A NEWSWEEKLY WOULD NEVER DO A SCARY, CREEPY COVER OF A DEMOCRATIC PRESIDENTIAL CANDIDATE, OR A MAN!
Time magazine, April 20, 1992:
Also, since I guess we're still talking about the Michele Bachmann Newsweek cover image and cover copy (here are Paul Waldman and Ta-Nehisi Coates having their say), I was searching for the use of the word "rage" on covers of newsweeklies and found this, from October 25, 1993:
There's "rage" being used in a non-negative way -- but as a reference to youthful feelings. I think one criticism you could level at the "Queen of Rage" tagline for Bachmann is that it suggests that, in Tina Brown's view, Bachmann isn't sitting at the grown-ups' table.
Some right-wingers would nod in agreement at that. But I think it cuts both ways. It suggests that, in Brown's view, Bachmann and the teabaggers are unwashed and immature, so serious people don't really need to take them seriously -- when, in fact, the 'baggers just cleaned the left and center's clocks in the debt negotiations. It's a judgment based on style rather than content; to me the frightening thing about modern-day rightists isn't that they yell a lot or act crazy, it's what they want to do (and actually will do if they're not stopped).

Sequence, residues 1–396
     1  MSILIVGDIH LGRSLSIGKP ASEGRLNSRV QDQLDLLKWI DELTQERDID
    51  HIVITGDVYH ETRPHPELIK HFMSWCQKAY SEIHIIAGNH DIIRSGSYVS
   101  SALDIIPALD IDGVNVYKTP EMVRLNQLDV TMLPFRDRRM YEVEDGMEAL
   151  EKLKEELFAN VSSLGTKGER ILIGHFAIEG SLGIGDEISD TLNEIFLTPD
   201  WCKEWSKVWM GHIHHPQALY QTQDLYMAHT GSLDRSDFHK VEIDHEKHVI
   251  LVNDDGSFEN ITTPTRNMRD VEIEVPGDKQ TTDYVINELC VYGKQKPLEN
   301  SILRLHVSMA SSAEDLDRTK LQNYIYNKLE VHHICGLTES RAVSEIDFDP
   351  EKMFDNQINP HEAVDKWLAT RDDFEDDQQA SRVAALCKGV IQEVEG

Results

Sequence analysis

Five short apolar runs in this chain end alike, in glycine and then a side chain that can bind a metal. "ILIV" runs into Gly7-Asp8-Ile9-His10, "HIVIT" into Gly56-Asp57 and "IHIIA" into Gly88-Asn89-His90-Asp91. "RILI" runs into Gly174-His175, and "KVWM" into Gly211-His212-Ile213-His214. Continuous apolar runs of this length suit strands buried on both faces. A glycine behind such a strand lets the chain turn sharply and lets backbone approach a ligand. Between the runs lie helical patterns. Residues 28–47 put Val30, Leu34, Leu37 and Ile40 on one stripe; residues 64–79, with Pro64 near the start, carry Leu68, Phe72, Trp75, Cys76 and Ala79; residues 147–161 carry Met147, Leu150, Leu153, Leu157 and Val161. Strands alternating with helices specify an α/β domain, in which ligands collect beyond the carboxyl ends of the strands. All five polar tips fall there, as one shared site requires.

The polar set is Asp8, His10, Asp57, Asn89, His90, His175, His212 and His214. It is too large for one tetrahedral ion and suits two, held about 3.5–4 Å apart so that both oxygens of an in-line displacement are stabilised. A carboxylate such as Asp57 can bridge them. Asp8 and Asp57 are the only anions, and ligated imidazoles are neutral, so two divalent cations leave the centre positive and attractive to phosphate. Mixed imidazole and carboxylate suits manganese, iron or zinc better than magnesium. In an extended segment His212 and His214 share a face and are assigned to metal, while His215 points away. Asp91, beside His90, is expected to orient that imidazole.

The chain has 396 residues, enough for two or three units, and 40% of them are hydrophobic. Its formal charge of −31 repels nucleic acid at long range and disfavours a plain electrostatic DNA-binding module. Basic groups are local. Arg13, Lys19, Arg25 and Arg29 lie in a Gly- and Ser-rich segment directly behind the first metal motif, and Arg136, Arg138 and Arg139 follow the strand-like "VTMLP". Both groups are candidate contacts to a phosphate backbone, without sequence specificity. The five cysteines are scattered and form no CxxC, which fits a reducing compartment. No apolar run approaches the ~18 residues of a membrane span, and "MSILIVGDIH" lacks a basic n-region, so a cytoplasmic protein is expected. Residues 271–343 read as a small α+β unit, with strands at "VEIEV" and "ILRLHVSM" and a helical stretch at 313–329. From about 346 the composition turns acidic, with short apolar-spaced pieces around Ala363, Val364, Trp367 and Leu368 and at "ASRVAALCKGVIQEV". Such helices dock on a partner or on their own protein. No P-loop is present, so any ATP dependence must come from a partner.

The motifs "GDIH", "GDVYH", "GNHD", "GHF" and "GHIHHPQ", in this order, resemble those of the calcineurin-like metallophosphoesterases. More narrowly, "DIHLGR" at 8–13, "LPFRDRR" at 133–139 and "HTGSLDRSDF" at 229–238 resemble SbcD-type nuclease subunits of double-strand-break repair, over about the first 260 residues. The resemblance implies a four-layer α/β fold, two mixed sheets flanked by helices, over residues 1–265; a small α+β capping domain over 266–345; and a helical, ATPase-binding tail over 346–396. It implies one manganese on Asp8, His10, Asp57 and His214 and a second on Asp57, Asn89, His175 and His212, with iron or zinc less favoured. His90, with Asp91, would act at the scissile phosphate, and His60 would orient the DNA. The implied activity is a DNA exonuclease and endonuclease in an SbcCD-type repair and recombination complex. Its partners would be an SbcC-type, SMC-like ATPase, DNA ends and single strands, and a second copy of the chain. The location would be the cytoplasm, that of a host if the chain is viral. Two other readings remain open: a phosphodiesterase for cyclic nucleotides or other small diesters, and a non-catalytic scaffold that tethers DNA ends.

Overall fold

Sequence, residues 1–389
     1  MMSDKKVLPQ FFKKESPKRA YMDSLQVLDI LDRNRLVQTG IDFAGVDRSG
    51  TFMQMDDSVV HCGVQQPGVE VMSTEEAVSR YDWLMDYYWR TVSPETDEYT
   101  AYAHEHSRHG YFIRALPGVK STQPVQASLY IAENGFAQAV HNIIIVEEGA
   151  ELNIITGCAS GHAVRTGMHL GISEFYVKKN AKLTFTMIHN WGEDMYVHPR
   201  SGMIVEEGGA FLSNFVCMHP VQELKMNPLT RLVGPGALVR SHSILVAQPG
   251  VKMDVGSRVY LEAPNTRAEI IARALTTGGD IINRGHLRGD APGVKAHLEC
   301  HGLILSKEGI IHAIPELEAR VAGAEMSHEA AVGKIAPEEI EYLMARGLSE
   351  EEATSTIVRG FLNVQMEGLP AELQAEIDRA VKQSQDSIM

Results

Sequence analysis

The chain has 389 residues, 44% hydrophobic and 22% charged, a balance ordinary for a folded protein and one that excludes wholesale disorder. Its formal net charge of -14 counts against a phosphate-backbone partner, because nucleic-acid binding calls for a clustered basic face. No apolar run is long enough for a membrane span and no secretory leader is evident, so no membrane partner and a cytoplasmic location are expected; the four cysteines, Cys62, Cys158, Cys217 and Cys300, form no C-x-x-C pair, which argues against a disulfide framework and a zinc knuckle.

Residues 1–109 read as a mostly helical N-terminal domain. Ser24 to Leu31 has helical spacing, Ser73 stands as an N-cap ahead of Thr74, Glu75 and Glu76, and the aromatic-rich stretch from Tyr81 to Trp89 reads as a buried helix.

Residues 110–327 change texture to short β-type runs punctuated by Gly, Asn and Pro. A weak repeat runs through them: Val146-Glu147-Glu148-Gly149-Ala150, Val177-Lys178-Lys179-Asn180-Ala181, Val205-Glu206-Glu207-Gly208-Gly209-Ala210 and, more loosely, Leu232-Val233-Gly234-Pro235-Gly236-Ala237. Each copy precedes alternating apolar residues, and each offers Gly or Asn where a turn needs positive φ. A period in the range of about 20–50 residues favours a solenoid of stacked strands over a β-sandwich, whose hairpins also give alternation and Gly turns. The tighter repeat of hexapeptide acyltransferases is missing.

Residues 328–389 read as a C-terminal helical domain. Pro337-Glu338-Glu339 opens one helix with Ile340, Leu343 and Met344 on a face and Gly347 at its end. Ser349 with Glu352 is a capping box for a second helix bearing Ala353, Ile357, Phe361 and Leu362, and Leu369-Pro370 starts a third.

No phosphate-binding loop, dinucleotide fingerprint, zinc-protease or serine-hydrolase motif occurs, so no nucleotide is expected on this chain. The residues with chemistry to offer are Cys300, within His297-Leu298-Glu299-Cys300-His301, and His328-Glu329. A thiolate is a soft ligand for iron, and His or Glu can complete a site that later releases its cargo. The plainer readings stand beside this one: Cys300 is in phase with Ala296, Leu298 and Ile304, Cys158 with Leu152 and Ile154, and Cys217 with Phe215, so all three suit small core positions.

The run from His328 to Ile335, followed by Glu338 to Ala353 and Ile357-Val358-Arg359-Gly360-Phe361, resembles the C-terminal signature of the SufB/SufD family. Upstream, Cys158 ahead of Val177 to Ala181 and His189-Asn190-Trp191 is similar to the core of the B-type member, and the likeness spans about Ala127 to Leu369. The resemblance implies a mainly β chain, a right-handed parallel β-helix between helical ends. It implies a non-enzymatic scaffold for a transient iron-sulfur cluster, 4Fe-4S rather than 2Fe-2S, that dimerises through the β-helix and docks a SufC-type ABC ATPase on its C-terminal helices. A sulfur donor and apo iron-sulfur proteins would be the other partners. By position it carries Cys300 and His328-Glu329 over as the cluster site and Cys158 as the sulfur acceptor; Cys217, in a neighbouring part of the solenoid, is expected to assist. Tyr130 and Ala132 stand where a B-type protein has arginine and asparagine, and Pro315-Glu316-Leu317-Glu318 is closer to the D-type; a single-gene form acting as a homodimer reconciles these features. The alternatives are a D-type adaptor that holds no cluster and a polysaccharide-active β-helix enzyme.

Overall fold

Coates says, alluding to one of Bachmann's most reprehensible pronouncements:
It goes without saying that I would have picked a different picture, mostly because I don't enjoy spectacle. Everyone takes unflattering photos. But not everyone believes that emancipation would have been inhumane. I don't much like watching media go for the face. I've always prefered the jugular.
In other words, attack her on ideas, not on superficialities. That was the point Jon Stewart made last night as well, in a segment that began with a critique of the cover image, but ended with a recitation of some of Bachmann's most chilling pronouncements.
(By the way, did whoever uploaded the Stewart clip to The Wall Street Journal's Speakeasy blog actually watch it to the end? The blogger praises the first part -- "It's a rare moment when Comedy Central funny newsman Jon Stewart agrees with his faux Fox News Channel foes" -- then acts as if the last part doesn't exist.)